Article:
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We Bust Common Winter Skin Care Myths

Skincare.com posted "We Bust Common Winter Skin Care Myths" featuring Dr. Purvisha Patel.

The article includes Dr. Patel's expert commentary on winter skin care.

Trying to track down the cure-alls for dry, winter skin is a never-ending feat. As skin-care editors, we’re always on the lookout for different remedies — DIY and dermatologist-approved. Along the way, though, we’ve stumbled upon some questionable theories that left us wondering the truth about things like using lip balms to salvage dry lips, taking hot showers and all the other things we do in winter. We’re setting the record straight once and for all with the help of board-certified dermatologist and founder of Visha Skincare, Purvisha Patel, MD. Ahead, we debunk common winter skin-care myths.

Winter Skin Myth #1: You Don’t Need to Wear Sunscreen in the Winter

The Truth: Of all beauty myths, this one makes us cringe the most. No matter what the season is outside, you always — we repeat: always — have to wear SPF. “UV radiation exposure happens both in the summer and winter,” says Dr. Patel. “Exposure from the sun may not feel like it’s happening in the winter, but UV light reflects off surfaces and still affects the skin. Wearing SPF of at least 30 is recommended on a daily and year-round basis.” There you have it, doctor’s orders: wear your sunscreen. Need a recommendation? Reach for the La Roche-Posay Anthelios Melt-in Sunscreen Milk SPF 60 which is a fast-absorbing formula that can be used on your face and body.

Winter Skin Myth #2: Lip Balms Make Your Lips More Dry

The Truth: This common belief stems from the constant application and reapplication of lip balm during the winter, as a method to hydrate your dry lips. The question is, if we have to re-apply so many times, is it actually making our lips more dry to begin with? To put it plainly, yes, some lip balms may be doing so. “Some lip balms have menthol, camphor or other cooling agents that cool by evaporating water from the surface of the skin and can make the lips more dry,” says Dr. Patel. The solution? Don’t skip out on reading the ingredients list of your lip balm. Opt for an option with moisturizing ingredients like Kiehl's Lip Balm #1. It’s formulated with hydrating squalane and soothing aloe vera, which is known to help replenish the skin keeping it soft, supple and moisturized.

Winter Skin Myth #3: Hot Showers Have No Affect on Your Skin

The Truth: While we wish this was the case, the truth is, Dr. Patel says hot showers can result in dry, eczematous skin in the winter. “Hot water evaporates off the skin quickly and when the water is lost, there are cracks left on the skin’s surface,” she explains. “When the nerves under the skin are exposed to air from the cracks in the surface, that results in itching.” So, whether you like it or not, if you want to avoid dry, itchy skin, your safest bet is taking a lukewarm shower.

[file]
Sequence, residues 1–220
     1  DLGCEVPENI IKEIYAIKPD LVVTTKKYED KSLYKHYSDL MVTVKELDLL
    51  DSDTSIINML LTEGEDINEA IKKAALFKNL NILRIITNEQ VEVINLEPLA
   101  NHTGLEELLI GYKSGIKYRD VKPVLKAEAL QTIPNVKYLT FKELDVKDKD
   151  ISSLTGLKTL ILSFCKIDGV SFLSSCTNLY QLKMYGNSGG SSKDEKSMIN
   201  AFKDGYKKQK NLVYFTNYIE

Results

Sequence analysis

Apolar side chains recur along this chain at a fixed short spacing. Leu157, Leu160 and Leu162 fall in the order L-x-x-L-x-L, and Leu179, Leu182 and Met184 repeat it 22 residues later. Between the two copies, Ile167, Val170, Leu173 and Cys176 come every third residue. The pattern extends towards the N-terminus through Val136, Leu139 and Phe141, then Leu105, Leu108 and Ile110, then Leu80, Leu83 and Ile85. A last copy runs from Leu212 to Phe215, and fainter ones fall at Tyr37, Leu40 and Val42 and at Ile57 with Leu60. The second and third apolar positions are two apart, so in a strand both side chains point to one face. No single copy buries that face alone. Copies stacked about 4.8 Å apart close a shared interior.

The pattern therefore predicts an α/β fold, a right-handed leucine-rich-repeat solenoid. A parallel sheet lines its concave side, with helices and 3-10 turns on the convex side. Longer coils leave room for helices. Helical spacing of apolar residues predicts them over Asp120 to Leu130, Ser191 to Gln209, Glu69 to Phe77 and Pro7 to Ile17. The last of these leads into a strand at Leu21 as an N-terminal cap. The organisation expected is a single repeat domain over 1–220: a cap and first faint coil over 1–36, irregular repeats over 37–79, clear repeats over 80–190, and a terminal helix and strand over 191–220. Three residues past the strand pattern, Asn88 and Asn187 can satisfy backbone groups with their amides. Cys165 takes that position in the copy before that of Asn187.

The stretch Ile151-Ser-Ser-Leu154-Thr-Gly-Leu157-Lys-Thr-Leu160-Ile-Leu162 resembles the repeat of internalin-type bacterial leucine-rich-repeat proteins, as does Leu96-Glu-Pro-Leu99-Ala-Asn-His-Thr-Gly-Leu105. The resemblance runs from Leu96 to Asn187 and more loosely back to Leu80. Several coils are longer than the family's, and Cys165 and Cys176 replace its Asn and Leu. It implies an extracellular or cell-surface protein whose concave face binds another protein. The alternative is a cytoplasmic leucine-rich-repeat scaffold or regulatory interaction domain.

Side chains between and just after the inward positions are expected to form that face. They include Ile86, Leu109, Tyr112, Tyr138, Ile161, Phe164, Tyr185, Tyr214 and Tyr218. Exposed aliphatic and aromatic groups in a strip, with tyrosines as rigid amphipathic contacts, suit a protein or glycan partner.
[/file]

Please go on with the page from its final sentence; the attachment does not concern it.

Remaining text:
Winter Skin Myth #4: Exfoliating Makes Your Skin More Dry

The Truth: Here’s the deal, Dr. Patel says that in the winter the skin dries more due to hot showers and overall heating. Because of this, the water on your skin evaporates faster, resulting in cracks on the surface of the skin. “The more dead skin cells on the skin, the deeper the cracks,” she says. “If the nerves of the skin's surface get exposed to air from these cracks, this results in itching and redness.” To avoid that itchiness and redness from occurring, you need to exfoliate. “Exfoliating helps slough off dead skin cells and lessens the depth of the cracks in the surface of the skin,” explains Dr. Patel. She recommends using the Visha Skincare Sugar Shrink Body Scrub, an exfoliating sugar scrub that moisturizes the skin thanks to the added avocado oil. If you’re looking for a face scrub, we love the SkinCeuticals Micro-Exfoliating Scrub for its gentle exfoliation that doesn’t strip the skin of its moisture.

Winter Skin Myth #5: The Thicker the Moisturizer the Better

The Truth: Little did you know that thicker moisturizers are only better if you exfoliate your skin. “If thick balms are constantly applied to non-exfoliated skin, the dead cells will just pill and make the skin more likely to crack,” says Dr. Patel. So, before you reach for your intensely, rich moisturizer, be sure to exfoliate.

Read the full article here.



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